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General News of Friday, 31 December 2021

Source: punchng.com

Ijaw group opposes Obasanjo on resource control, says constitution faulty

Prof Benjamin Okaba Prof Benjamin Okaba

The President of the Ijaw National Congress, Prof Benjamin Okaba, has faulted former President Olusegun Obasanjo for using the 1999 Constitution to buttress his claim that crude oil in the Niger Delta belongs to the country and not the people of the region.

Okaba, who spoke on ‘The Morning Show’ programme of Arise Television on Thursday, argued that the former President could not be relying on a constitution that had been variously rejected and described as a fraud and a military document imposed on Nigerians.

He said the unitary characteristics of the 1999 constitution which Obasanjo celebrates, had become the major reason Nigeria was collapsing on all sides as the constitution remained a faulty foundation for the country.

He said, “The Nigerian (1999) constitution which Obasanjo is now relying on is a product of unrepresentative drafting and, to a large extent, most of the provisions therein are military-driven. So, the constitution is fraudulent, satanic and it has not served anybody any good.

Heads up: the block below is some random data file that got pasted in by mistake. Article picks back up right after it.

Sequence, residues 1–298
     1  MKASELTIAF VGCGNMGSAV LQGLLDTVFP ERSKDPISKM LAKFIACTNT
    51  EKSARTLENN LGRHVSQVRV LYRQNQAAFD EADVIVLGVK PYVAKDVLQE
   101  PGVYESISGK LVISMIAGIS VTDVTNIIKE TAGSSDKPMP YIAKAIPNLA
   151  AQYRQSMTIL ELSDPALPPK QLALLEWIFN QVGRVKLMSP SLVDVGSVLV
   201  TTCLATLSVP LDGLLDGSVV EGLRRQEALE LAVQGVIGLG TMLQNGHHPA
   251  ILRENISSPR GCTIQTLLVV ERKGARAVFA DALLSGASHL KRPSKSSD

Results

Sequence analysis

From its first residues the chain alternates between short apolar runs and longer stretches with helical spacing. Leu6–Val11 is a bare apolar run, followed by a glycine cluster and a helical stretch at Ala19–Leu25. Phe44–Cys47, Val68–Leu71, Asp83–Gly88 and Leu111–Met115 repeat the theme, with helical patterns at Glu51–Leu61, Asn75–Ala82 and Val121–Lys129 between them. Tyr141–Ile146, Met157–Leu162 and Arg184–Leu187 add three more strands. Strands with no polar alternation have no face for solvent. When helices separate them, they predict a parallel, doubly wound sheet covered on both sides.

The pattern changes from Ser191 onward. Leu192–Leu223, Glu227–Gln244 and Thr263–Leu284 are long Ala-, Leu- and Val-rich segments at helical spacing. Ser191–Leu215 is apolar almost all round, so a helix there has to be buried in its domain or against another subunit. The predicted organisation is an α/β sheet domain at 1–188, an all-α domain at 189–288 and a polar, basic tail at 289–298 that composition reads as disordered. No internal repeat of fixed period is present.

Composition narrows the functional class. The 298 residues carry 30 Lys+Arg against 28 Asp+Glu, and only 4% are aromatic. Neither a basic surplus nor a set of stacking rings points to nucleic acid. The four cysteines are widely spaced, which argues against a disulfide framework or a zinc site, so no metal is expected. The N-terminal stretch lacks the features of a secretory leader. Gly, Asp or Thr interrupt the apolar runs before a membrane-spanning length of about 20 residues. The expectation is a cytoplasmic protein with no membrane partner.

“In fact, the 1999 constitution is a foundation for the collapse of Nigeria; every fabric of Nigeria, the economy, educational system and infrastructure are all collapsing.

“Reforms will not serve the situation. We need overall restructuring because Obasanjo talked about reforms believing that, that will help to bring normalcy to Nigeria.

“But we know that under a constitution that is faulty, not people-driven but hurriedly put together few weeks before the ascendancy of Obasanjo to power in 1999, cannot do us any good.

“So, the various agitations across the country are clear evidence that for Nigeria to work, we must do away with this constitution and go back to the basics.

“In a federation, resource ownership and fiscal federalism are paramount and every constitution that talks about federalism and does not recognise ownership of resources by the people is faulty.”

Okaba said the former President was “representing a class of people who had fought so hard to sustain a system that is colonial, military-driven and serves hegemonic interest against the interest of other people in Nigeria.”

Obasanjo had, a few weeks ago, claimed at a peace and security forum, that mineral resources in the Niger Delta belonged to all Nigerians and not the region because they were given by God.

But the INC and Chief Edwin Clark insisted in their separate reactions that the crude oil and gas in the Niger Delta belonged to the people and not the country, accusing the former President of hatred against the Ijaw and Niger Delta people.

However, Obasanjo in an open letter to Clark denied hating Niger Delta people, stressing that going by the provisions of the constitution, mineral resources belonged to the entire country.

He cautioned against emphasis on tribe instead of the state.

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